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Credit Suisse tries to shake off Debit Suisse reputation

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One thing to start: Electric truck start-up Nikola said it is setting aside $125m to settle an investigation by US securities regulators and will seek reimbursement from its founder, Trevor Milton, who is facing criminal fraud charges.

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Credit Suisse chair fails to impress investors on the big day

When António Horta-Osório joined Credit Suisse in the throes of twin crises arising from Greensill and Archegos Capital Management, he promised sweeping changes as soon as possible.

The new chair’s big moment has finally arrived. Horta-Osório unveiled a broad overhaul of the troubled lender on Thursday that involves exiting its prime brokerage unit — which suffered the heaviest losses from the Archegos fallout.

The restructuring is no surprise. Credit Suisse bore more than half of the $10bn in losses suffered by a group of banks that provided prime broking services to Archegos.

It prompted many prime brokers, including the few who weren’t involved with former hedge fund manager Bill Hwang, to look at how much leverage they were extending to clients. Investors also reconsidered their use of leverage for the first time since the coronavirus rattled markets in March 2020.

Horta-Osório has also made himself known as a shot-caller since his arrival. He’s taken a direct role in decision making, placed close allies in strategic positions, and expanded the size of his own office in a move insiders have described to the FT as a power grab that has diluted the authority of chief executive Thomas Gottstein.

But the new plan hasn’t gone over so well with shareholders.

The bank’s share price fell 5 per cent following Horta-Osório’s presentation. That’s despite third-quarter results that showed a 26 per cent rise in pre-tax profits thanks to strength in its wealth management unit.

Capital from the struggling prime brokerage arm will instead be diverted to wealth management. But as Lex points out, the business of managing funds for regular wealthy customers, as opposed to the ultra-rich clients Credit Suisse typically courts, is becoming increasingly crowded. It also faces a formidable opponent in UBS.

Credit Suisse has recovered just $257m from its initial $5.4bn hit from Archegos. Meanwhile, the lender is preparing for a potential wave of lawsuits from investors who lost money from investing in the bank’s supply chain funds linked to Greensill following its collapse.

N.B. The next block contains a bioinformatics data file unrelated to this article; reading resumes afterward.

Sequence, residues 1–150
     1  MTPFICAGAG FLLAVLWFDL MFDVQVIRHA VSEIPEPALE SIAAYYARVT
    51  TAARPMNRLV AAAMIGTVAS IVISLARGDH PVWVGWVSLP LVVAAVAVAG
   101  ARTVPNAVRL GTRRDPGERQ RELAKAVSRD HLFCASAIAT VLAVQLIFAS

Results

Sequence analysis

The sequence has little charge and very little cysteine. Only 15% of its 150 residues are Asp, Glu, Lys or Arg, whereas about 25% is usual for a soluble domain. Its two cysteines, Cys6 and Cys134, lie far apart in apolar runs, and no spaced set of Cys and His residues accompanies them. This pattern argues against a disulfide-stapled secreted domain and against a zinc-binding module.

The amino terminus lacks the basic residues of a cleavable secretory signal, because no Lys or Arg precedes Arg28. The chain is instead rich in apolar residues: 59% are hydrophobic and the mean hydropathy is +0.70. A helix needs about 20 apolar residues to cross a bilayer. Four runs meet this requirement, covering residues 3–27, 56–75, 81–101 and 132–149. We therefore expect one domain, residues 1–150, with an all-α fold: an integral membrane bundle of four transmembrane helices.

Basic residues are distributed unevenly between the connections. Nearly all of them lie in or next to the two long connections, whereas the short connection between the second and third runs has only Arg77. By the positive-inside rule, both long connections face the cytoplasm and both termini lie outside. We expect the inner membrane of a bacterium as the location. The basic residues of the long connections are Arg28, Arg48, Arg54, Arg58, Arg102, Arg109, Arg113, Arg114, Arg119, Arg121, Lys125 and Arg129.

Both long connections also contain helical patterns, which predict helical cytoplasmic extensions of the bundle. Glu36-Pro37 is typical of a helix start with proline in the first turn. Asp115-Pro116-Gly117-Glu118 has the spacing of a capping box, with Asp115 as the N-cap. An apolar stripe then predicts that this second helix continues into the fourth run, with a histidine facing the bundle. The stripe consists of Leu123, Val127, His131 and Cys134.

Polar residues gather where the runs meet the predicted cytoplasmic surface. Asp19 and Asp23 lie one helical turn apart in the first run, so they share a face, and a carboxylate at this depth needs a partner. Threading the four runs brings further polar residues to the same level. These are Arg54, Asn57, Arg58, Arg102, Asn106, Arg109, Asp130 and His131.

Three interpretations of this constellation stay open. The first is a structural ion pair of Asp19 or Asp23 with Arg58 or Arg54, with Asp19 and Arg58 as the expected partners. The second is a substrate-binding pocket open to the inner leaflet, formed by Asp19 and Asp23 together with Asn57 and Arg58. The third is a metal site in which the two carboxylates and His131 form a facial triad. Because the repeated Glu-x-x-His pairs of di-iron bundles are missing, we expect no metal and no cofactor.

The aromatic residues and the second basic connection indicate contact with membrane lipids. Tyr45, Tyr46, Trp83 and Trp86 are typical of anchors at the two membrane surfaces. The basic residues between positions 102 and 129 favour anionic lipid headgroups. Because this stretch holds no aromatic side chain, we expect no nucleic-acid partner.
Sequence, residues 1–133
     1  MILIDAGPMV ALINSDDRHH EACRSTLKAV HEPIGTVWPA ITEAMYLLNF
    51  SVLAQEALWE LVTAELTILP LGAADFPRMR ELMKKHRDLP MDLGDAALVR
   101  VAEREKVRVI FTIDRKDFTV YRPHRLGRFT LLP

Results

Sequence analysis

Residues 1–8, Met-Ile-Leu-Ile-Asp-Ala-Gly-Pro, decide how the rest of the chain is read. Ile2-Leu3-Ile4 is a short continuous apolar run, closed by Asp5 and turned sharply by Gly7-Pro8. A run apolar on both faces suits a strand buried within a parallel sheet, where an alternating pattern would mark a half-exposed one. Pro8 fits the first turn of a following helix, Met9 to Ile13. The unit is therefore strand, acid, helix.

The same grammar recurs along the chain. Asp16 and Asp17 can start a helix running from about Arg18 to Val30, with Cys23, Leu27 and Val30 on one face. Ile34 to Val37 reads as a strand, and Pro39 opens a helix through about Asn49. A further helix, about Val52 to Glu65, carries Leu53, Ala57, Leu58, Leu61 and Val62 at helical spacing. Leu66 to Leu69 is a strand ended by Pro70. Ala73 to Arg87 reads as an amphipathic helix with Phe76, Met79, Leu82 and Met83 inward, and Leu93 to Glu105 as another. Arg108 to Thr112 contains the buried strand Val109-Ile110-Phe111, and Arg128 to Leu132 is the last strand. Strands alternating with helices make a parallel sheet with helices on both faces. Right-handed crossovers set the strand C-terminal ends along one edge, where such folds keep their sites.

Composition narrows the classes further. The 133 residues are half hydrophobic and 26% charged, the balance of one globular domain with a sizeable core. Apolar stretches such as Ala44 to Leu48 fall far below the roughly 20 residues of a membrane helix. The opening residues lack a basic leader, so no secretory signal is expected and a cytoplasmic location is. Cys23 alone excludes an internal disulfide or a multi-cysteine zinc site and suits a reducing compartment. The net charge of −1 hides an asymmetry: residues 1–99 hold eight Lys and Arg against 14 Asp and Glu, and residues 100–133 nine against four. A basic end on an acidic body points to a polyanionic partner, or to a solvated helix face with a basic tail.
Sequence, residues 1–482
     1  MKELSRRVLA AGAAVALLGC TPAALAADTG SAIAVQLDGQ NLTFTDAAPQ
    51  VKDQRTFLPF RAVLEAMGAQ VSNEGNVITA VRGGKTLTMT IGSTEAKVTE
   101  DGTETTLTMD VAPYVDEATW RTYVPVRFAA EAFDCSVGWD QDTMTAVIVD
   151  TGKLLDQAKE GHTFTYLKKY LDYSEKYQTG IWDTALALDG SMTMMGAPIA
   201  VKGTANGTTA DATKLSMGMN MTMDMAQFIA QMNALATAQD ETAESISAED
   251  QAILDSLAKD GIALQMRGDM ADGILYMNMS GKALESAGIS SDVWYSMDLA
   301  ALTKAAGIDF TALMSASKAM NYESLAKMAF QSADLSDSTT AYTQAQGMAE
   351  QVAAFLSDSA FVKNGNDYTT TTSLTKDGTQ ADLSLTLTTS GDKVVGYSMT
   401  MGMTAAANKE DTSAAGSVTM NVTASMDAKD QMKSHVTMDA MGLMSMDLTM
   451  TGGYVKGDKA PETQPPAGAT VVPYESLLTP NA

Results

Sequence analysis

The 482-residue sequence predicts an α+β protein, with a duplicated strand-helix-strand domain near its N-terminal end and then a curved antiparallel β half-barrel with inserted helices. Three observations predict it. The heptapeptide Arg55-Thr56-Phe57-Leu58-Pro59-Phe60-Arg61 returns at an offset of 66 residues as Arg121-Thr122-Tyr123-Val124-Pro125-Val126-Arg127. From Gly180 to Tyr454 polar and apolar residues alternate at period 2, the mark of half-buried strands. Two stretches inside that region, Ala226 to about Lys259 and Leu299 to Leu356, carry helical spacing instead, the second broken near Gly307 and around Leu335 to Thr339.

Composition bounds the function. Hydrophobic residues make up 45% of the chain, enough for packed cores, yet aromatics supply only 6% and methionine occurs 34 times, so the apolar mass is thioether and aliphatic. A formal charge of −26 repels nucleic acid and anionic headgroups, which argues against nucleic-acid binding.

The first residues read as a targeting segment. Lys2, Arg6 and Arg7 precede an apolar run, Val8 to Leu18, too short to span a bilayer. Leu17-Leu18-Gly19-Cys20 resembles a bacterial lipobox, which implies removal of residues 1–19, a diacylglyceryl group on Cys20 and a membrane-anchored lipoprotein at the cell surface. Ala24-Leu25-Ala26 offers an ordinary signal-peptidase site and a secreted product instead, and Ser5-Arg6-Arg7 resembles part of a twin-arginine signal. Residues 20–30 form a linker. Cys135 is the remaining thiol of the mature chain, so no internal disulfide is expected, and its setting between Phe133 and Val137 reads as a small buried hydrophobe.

Horta-Osório, who led Lloyds Banking Group in the aftermath of the financial crisis, has written a comeback story before.

Waging a risk management revolution at Credit Suisse is one thing, but performing even greater miracles is another.

Is Silicon Valley becoming the new Wall Street?

Private equity watchers know that one two-word phrase has become their holy grail: “permanent capital”.

Now one of Silicon Valley’s most storied venture capital firms wants to borrow the well-trodden model, albeit with a twist.

Sequoia Capital, the early backer of Apple, Google and other high-profile tech companies, said last week it would create a “permanent structure” to house investor capital. Instead of putting money in funds with 10-year lifespans, investors will back an entity with theoretically no end date.

Rival venture capitalists had mixed feelings about Sequoia’s move.

On the one hand, Sequoia is effectively using its dominant position in venture capital to secure even greater flexibility from investors. The firm will charge extra fees for the privilege of housing their money in the new vehicle, dubbed the Sequoia Fund.

On the other hand, it epitomises a bigger shift in the industry towards accumulating larger and larger pools of assets, more in the vein of Blackstone than the insular venture partnerships of yore.

“One of the questions we ask companies is, ‘What’s the scale of your ambition?’ I think we have to apply that to ourselves,” Sequoia partner Roelof Botha told DD’s Miles Kruppa.

Sequoia’s restructuring will diverge from the private equity playbook in some key ways.

Investors will eventually be able to redeem from Sequoia Fund’s public stock holdings twice a year, making it more akin to a hedge fund than Athene, Apollo Global Management’s life insurance affiliate.